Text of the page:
Selling a practice. It might be the largest single financial transaction of your life. And it could go very well, or it might not happen at all. Depending on the choices you make, your practice could fund your retirement…or it might be worth close to nothing. While it’s a much larger topic than this column can do justice, this month I’ll provide a few tips to help you increase the value of your counseling practice.
A stable, dedicated team
Click “Meet the team” on the website of any practice and you’ll probably see a webpage that can’t keep up with all the staff changes. Bios and pictures rarely reflect who’s actually on board (team photos are the worst, they’re never accurate). In many practices, while a few core providers are longstanding, most depart in less than 2 years.
The tenure of your staff is important because an acquirer will approach the purchase of your practice asking him/herself “How many of these staff are going to survive the acquisition process? How many are likely to quit in the next year—or even set up competing offices?” In our field, there’s no inventory, there are no patents. The value of your business is closely tied to your team. If you can find a way to develop a clinical team that’s onboard to stay, you will fetch a higher price for your practice.
Key person discount
Whenever a small business is for sale, an acquirer wants to know if it’s self-sustaining, or if it only works because of a talented owner-manager. An acquirer doesn’t want the task of replacing the heart of the practice after the current owner departs, and he/she will lower their offer if that’s the case. This is such an important issue, persons experienced with mergers and acquisitions have a name for it—the key person (or “key man”) discount. Hence, the more you aren’t a “key person” necessary for day-to-day operations the better.
There’s an old adage “If you’re not growing you’re dying” and basically it’s a false platitude. However, showing year-after-year revenue growth—even slow growth—demonstrates to an acquirer that your practice is headed in the right direction. Contrarily, practices that are financially up and down show instability (and practices with declining revenues are a red flag).
As a side, my father used to say “Quit painting when you’re 80% tired. You’ll need the last 20% for the cleanup.” Think about this when timing the sale of your practice. Too often owners decide to sell only after they’ve begun “winding down.” Don’t do this! Sell when you still have passion and energy for your practice. Your last year should be your highest revenue (and hopefully most profitable) year.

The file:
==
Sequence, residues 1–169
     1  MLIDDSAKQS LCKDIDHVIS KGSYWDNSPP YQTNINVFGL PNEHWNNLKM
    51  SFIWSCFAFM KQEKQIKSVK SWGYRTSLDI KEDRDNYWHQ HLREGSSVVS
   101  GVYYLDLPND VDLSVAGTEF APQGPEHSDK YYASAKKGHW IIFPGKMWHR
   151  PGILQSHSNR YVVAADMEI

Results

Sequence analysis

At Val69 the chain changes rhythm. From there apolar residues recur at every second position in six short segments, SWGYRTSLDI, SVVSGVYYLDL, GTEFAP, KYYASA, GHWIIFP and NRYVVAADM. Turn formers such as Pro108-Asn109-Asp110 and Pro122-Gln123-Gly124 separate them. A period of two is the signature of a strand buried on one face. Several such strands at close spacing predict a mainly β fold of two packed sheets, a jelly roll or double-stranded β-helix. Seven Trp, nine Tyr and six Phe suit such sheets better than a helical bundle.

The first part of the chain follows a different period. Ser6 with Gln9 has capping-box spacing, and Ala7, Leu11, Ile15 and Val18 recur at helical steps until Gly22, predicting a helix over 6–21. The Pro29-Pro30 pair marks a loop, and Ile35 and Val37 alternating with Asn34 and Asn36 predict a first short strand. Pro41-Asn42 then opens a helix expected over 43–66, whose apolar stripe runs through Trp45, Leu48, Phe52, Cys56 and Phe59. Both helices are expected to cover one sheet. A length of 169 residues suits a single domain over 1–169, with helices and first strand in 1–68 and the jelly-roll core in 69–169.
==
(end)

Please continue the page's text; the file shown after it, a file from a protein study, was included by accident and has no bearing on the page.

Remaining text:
Be a Strategic investment
A common misconception among sellers is that an acquirer will buy their business and grow the seller’s brand. In truth, a buyer is usually already working in the industry and is more interested in building his/her own brand, and a smart strategic acquirer is asking her/himself the question “how will acquiring this company help me to sell more of my stuff?”
To be most valuable, have a practice that helps an acquirer to sell more of his/her own stuff. For example, if your practice provides something unique—say forensic consulting—this makes your practice more valuable than if you just did counseling appointments. Why? Because it’s likely the acquirer doesn’t have forensic consulting in his/her practice(s), but by learning your processes the acquirer learns how to add such offerings to his/her existing practice(s).
Show a Trajectory
You want to show an acquirer that your practice has a future, not just a track record. An example of the later is a longstanding practice that has consistent referrals coming in, but doesn’t have any current marketing program (maybe it doesn’t even have a website!). All the networking was done 20 years ago, and now the practice just gets referrals from those who’ve always given referrals. Why is this bad? Because it’s voodoo! An acquirer doesn’t know what to do with that—doesn’t know how to grow or sustain it, and doesn’t know when the magic will end. For all the acquirer knows, the people referring might be 6 seconds from retirement, or there might be a competitor slowly chipping away at that book of referral business.
Important, Even If You Don’t Want to Sell
The best time to prepare your practice for a sale is now. The stakes are just too high to ignore this important part of the life of your business. Even if you never plan to sell, the things that make your business valuable to an acquirer also happen to be healthy disciplines for running a successful, profitable company.
If you’d like to read more valuable information about selling your practice—like how you can think like a buyer instead of a seller, as well as how you can increase the value of your practice—keep reading here, How to Sell Your Counseling Practice.
Anthony Centore, Ph.D., is private practice consultant for the ACA, founder of Thriveworks Counseling (with locations in 9 states), and author of the book, How to Thrive in Counseling Private Practice. Anthony is a licensed counselor in Massachusetts and Virginia. Find him on Twitter at @anthonycentore or @Thriveworks.